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Thursday, December 09, 2010

Saint Damasus I

St Jerome handing over his work to Pope Saint Damasus
In The Initial "H" of a Letter of Jerome to Damasus
From an Illuminated Bible
About 1109 - 1111
Dijon - BM - ms. 0015 f. 003v
From The Abbaye Notre-Dame, Cîteaux

St Jerome handing over his work to Pope Saint Damasus
Miniature at the beginning of the Gospels
From an Illuminated Bible
Valenciennes - BM - ms. 0007 f. 223
About the second quarter of the 16th century
Originally from Hainaut, Valenciennes

Attributed to Niccolo di Giacomo ca. (1325–1403),
Portrait of Saint Damasus
From an illuminated Roman Missal
About 1370
Avignon - BM - ms. 0136 f. 222
Originally made in Bologna, Italy and thence to the Convent of the Célestins, Avignon


Nowadays the saint Pope Damasus (b.305, Pope from 366 - 384) is primarily known for his commissioning of Saint Jerome as his personal secretary and encouraging his Vulgate translation of the Bible

But there was more.

He was a poet Pope and he had a great devotion to the Roman martyrs. He did much to retore and preserve the ancient catacombs as well as the Bsilica of Saint Lawrence outside the Walls and according to tradition the building of the Church of San Lorenzo in Damaso in his own house.

The Catacombs which benefitted most from his attentions were the Catacombs of St Callixtus and in particular the Crypt of the Popes where at least six of the earliest Popes were buried.

St. Jerome recounted how as a student he would go on Sundays to visit the tombs of the apostles and the martyrs together with his study companions:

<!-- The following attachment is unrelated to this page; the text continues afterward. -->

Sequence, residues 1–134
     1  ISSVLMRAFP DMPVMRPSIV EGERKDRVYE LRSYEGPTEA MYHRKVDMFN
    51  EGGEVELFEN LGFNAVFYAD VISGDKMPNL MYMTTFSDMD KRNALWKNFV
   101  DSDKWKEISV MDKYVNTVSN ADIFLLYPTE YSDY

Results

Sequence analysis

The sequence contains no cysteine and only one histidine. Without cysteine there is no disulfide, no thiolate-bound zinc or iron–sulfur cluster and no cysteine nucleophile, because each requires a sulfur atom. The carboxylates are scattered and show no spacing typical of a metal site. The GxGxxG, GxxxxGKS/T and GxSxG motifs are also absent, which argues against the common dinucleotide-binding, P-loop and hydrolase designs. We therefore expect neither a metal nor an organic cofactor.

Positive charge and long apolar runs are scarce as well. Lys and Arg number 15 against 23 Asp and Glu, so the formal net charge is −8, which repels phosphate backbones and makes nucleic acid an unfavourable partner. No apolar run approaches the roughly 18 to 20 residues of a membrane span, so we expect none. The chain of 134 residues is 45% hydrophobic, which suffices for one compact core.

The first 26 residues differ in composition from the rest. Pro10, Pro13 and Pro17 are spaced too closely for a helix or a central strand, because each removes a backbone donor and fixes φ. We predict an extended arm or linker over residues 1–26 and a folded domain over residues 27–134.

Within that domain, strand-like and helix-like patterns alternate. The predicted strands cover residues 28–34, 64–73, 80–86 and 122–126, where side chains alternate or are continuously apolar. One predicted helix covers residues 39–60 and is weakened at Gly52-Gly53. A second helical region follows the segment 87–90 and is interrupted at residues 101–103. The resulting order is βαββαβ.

“We would enter the galleries dug into the bowels of the earth…Rare lights coming from above land attenuated the darkness a little…We would proceed slowly, one step at a time, completely enveloped in darkness”.

At the tomb of Sixtus II, Damasus had inscribed a poem which he had composed himself:

"If you are looking for, know that here lies a host of the Blessed.
The venerable sepulchres enclose the bodies of the Saints,
but the royal palace of heaven carried off to itself their sublime souls.

Here lie the companions of Sixtus who bear the trophies won from the enemy.
Here the group of the elders who keep guard of the altars of Christ.
Here the bishop who lived through the long peace.
Here the holy Confessors sent to us from Greece.
Here the young men and children, the old men and their chaste nephews
who preferred to keep their virgineal purity.

Here too,I, Damasus, confess I would have liked to have been buried
were it not for fear of vexing the holy ashes of the Blessed".

His epigraph about St Saturninus the Martyr is applicable to many who have given their life for the faith even today:

"Citizen now of Christ, formerly of Carthage,
The moment the sword pierced the Mother's holy breast,
through her blood he changed country, name and lineage,
the birth to the life of the saints made him a Roman citizen.
His faith was wonderful: as his heroic death would later show.

His enemy Gratianus trembled while he tore his holy members;
but though all his venomous rage exploded,
he could not induce you, O Saint, to deny Christ;
indeed through your prayers he even deserved to die a Christian.

This is the will of the suppliant Damasus: venerate this tomb!
[Here it is given to fulfil vows and to pour out chaste prayers,
because it is the tomb of the martyr St Saturninus]
To you, O Martyr Saturninus, I pay my prayerful homage."

(Epigrammata Damasiana, edited by A. Ferrua, Rome 1942, p. 188-189).

The devotion to the Martyrs in the Roman Liturgy is discussed on the Vatican website in an article by Mario Lessi Ariosto

Finally it should also be noted that it was under Pope Damasus I that the change of the official language from Greek to Latin was completed. The primacy of the Latin language in the Roman liturgy has not been replaced since then even though the Church recognizes that the vernacular can also be used for the faithful.